liberated him, after which he approached his opponent
and bound him tighter and tighter in the presence of
his tribe and their heathen gods.
Shortly after this incident the owner of Our Lady
appears to have been seized with a fear that the image
might ultimately get into the hands of his enemies ; so
he flung it into one of the rivers that flows slowly and
rhythmically into Nipe Bay.
The next time we hear of the image is in 1628.
Two Indians had gone down to Nipe Bay to gather
salt. On the way they were detained by bad weather
for a few days. One morning after the storm had
subsided, they put off from the shore. They had rowed
only a short distance when they were surprised by a
strange object coming towards them above the crest of
a wave. Judge of their astonishment when they
discovered that it was the image of the Virgin Mother.
In her right hand she bore a cross, upon which were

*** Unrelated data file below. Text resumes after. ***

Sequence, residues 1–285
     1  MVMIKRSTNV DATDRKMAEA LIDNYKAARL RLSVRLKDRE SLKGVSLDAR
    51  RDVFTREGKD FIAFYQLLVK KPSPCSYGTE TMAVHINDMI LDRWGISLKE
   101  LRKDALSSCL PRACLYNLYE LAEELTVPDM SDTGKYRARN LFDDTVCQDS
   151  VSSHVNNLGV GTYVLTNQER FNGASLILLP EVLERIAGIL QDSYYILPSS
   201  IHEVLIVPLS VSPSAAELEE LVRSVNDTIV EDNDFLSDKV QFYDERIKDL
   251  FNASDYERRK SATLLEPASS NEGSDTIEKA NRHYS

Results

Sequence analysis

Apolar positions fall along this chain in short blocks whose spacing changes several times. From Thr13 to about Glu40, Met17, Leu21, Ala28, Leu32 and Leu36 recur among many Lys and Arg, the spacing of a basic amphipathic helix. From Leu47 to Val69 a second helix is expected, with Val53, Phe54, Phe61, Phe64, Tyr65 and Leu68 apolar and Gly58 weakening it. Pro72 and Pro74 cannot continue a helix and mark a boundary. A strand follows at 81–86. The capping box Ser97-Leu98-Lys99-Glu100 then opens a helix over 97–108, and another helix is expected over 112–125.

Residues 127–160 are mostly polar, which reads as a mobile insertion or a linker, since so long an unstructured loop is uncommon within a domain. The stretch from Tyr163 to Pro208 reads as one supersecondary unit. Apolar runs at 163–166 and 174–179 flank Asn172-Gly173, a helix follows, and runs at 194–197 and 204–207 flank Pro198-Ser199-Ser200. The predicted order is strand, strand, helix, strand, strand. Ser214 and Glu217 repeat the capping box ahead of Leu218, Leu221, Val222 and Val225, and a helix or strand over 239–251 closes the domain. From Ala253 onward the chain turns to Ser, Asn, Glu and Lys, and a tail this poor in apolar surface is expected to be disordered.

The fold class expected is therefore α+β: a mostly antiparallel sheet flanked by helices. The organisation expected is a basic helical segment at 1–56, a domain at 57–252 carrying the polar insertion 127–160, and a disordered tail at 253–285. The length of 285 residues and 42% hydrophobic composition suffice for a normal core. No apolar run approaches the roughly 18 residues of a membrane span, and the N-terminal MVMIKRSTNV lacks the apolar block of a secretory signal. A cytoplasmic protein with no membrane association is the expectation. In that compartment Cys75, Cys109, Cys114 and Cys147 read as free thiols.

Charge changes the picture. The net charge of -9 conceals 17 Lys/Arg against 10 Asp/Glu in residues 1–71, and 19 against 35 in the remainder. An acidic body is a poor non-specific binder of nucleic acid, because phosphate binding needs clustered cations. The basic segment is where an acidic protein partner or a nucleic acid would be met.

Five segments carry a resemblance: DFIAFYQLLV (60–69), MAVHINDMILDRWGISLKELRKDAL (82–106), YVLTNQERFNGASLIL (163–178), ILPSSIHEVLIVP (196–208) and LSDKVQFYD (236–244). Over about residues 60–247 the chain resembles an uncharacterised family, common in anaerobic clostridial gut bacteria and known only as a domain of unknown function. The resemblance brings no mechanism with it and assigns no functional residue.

inscribed in letters of gold: "I am the Virgin of
Charity." Her child was on her left arm, and she
appeared to be riding unsupported above the sea. The
men lifted her into their little boat and bore her to one
Miguel Galan, who in turn bore her to the principal of
the copper mines, D. Francisco Sanchez de Moya. A
little temple was built for her, and a copper lamp was
kept burning perpetually at the altar.

In this temple a very strange thing occurred. Every
night when the sacristan went to trim the lamp he
found that the image disappeared, but it always re-
turned regularly at daybreak. The superstitious wor-